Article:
In recent weeks, hackers have taken hundreds of thousands of computers captive through the WannaCry ransom attack.

What is a ransom attack? Using this type of attack, hackers lock down a computer’s data and hold it hostage until the victim of the attack agrees to pay a ransom.
The implications are far from benign, and could indeed be life-threatening. Hospitals in the UK were particularly hard-hit, and without access to records were forced to turn some patients away.
On the heels of WannaCry, news broke that thieves dumped database with 560 million passwords on the Internet. Many of the records were compiled from previous hacks, including LinkedIn, Dropbox, MySpace and Tumblr.
The password dump poses a significant risk to personal and business data, as many use the same passwords across multiple platforms and services.
Both of these attacks highlight this truth: security extends far beyond the physical space. Increasingly, organizations must be vigilant about protecting themselves and their customers in cyberspace, too.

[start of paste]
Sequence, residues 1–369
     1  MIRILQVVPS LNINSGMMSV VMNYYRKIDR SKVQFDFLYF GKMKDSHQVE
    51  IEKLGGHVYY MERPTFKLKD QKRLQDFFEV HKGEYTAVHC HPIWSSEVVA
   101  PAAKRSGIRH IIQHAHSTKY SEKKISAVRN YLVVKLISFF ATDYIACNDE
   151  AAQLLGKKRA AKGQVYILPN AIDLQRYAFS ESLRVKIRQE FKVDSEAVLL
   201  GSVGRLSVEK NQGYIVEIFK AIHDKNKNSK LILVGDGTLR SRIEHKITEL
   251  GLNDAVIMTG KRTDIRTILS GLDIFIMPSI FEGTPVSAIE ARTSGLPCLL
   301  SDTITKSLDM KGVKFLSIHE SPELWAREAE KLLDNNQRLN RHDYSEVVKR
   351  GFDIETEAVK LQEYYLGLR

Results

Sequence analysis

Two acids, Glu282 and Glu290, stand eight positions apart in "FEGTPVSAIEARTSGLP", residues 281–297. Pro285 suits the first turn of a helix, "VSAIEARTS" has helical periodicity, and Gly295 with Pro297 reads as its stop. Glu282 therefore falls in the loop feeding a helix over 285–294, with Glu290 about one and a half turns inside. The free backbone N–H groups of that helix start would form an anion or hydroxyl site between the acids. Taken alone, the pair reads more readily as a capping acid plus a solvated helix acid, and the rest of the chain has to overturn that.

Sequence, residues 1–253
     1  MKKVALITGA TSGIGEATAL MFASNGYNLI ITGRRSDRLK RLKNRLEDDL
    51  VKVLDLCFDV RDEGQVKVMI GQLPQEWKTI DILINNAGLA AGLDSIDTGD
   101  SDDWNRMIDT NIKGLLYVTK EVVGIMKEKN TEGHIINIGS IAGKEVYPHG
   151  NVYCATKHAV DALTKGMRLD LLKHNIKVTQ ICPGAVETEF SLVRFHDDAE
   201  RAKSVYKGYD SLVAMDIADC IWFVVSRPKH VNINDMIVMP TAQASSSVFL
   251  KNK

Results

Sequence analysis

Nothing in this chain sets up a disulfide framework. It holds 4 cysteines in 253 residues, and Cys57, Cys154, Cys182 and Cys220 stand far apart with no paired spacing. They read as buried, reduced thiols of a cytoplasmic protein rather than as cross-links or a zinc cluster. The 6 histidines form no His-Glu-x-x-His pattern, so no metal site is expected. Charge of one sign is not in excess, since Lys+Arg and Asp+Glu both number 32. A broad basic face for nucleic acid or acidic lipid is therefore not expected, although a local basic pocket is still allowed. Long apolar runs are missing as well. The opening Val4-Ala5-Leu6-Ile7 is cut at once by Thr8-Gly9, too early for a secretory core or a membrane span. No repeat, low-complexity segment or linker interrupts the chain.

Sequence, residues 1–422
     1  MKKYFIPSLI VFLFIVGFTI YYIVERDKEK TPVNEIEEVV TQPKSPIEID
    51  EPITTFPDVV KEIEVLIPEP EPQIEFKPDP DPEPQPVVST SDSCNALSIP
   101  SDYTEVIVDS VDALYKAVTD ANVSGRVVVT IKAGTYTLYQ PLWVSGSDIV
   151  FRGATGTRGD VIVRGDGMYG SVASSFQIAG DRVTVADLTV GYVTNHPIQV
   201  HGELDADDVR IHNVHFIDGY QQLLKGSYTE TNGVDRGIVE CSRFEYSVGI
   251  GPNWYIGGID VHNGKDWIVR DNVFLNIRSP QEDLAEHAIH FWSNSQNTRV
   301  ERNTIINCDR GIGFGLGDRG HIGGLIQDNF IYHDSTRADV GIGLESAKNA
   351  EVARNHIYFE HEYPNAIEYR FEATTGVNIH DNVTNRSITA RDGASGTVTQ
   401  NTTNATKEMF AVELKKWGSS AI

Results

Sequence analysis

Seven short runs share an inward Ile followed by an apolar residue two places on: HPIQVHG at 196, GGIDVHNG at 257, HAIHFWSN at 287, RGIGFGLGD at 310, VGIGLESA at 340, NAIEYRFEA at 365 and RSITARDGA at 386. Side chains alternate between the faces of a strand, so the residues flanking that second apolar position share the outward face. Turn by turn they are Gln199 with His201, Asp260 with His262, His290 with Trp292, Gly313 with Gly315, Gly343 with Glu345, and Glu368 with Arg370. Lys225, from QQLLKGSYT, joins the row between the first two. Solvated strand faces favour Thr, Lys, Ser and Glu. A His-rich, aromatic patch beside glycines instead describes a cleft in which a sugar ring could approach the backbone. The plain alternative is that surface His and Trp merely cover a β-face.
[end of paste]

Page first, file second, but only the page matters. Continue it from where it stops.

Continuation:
What can you do to protect yourself and your business? The steps are simple, and you’ve probably heard them before, but it’s worth repeating.
Don’t reuse passwords. Just don’t. Strongly consider purchasing a secure password generator and storage solution. Don’t forget to change passwords regularly, too, and never leave default administrative passwords in place.
Keep connections minimal. Only network and connect to the internet when necessary, and in those circumstances work to minimize exposure and secure connections. Following the DDoS attack that took down Spotify and Twitter last fall, we put together this Q and A with Anthony Tatman, our director of IT.
Keep software updated. Make sure you don’t use pirated versions of software; you’ll miss out on critical updates. When updates and patches are release, update promptly. Hackers rely on software vulnerabilities to worm their way in to systems.
Beware of phishing attacks. Never open emails or documents from sources you don’t recognize. Even if you recognize the source or it seems legitimate, exercise caution. Be aware of uncharacteristic language or strange file extensions.